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Aerodynamics on Formula 1 Race Cars



The principles which allow a Formula 1 car to move are the same that cause an aircraft to fly. The only difference being the wing or airfoil shape is that the airfoil shape will create an upside down producing downforce instead of lift. The Bernoulli Effect means that: if a fluid (gas or liquid) flows around an object at different speeds, the slower moving fluid will exert more pressure than the faster moving fluid on the object. You have probably all heard about that before or seen it on a physics show on the TV, explained in a simpler form. So then the object will be forced toward the faster moving fluid. The wing of an airplane is shaped so that the air moving over the top of the wing moves faster than the air beneath it. Since the air pressure under the wing is greater than that above the wing, lift is produced. The shape of the f1 car uses the same principle. The shape of the chasis is similar to an upside down airfoil. The air moving under the car moves faster than that above it, creating downforce or negative lift on the car. Airfoils or wings are also used in the front and rear of the car in an effort to generate more downforce. Downforce is necessary in maintaining high speeds through the corners and forces the car to the track. Light planes can take off at slower speeds than a ground effects race car can generate on the track. In addition the shape of the underbody (an inverted wing) creates an area of low pressure between the bottom of the car and the racing surface. This sucks the car to road which results in higher cornering speeds which is very important as they are traveling at 200mph. In the last couple years it became really important to have excellent aerodynamics in order to have a chance to compete. Teams that plan on staying competitive use track testing and wind tunnels to develop the most efficient aerodynamic design.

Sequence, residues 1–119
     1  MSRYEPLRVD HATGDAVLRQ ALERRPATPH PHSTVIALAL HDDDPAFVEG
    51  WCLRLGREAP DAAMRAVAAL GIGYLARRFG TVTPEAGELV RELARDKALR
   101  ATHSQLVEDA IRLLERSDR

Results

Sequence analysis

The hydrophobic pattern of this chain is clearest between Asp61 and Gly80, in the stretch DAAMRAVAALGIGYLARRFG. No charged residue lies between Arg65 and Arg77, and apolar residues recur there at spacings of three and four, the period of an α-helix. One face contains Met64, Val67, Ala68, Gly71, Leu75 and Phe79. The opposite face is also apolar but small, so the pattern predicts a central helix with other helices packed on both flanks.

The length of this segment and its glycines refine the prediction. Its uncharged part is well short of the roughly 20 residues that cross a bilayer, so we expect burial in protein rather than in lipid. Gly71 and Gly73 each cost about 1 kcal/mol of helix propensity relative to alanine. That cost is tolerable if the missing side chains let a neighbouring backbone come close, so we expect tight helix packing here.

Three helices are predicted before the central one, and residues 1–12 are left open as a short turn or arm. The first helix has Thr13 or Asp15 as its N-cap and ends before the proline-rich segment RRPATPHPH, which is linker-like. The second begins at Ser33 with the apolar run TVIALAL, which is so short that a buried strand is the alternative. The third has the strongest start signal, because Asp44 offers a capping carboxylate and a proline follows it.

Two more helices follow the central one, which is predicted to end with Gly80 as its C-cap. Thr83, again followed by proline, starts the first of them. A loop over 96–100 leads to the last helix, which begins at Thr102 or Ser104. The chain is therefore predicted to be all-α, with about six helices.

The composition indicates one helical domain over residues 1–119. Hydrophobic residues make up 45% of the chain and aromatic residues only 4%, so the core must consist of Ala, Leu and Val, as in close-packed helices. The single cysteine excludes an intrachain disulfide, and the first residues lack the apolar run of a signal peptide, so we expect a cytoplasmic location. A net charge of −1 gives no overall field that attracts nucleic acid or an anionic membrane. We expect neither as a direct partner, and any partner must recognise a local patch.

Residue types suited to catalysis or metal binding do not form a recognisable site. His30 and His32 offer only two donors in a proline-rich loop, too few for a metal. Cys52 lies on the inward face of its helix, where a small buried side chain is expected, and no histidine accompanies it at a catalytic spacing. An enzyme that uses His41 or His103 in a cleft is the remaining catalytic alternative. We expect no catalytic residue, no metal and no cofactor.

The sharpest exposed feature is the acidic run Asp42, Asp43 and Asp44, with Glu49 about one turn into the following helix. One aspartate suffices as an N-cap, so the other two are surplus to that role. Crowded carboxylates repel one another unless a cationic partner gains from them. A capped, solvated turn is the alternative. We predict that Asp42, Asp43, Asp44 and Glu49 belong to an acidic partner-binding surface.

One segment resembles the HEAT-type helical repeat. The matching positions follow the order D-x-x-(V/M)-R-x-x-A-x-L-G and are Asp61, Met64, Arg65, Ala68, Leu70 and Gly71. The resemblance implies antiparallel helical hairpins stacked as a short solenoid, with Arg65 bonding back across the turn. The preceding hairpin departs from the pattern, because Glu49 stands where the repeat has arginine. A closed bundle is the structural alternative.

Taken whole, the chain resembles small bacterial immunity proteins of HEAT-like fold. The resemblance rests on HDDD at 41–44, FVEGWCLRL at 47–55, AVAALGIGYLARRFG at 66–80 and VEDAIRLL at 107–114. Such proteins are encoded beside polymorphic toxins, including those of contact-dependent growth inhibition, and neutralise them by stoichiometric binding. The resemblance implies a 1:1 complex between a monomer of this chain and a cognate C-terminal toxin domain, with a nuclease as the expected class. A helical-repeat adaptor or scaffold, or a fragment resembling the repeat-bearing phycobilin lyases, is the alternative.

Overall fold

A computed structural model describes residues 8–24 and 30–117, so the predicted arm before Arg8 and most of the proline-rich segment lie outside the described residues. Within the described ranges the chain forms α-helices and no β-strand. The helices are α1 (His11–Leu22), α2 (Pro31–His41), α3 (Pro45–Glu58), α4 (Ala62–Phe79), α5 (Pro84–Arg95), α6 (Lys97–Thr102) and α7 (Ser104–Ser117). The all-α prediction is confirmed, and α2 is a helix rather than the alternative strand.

Here are also two videos which explain it again. Once by an expert and in the second video by Niko Roseberg, a german f1 race car driver is explaining how the aerodynamics on f1 race cars work.


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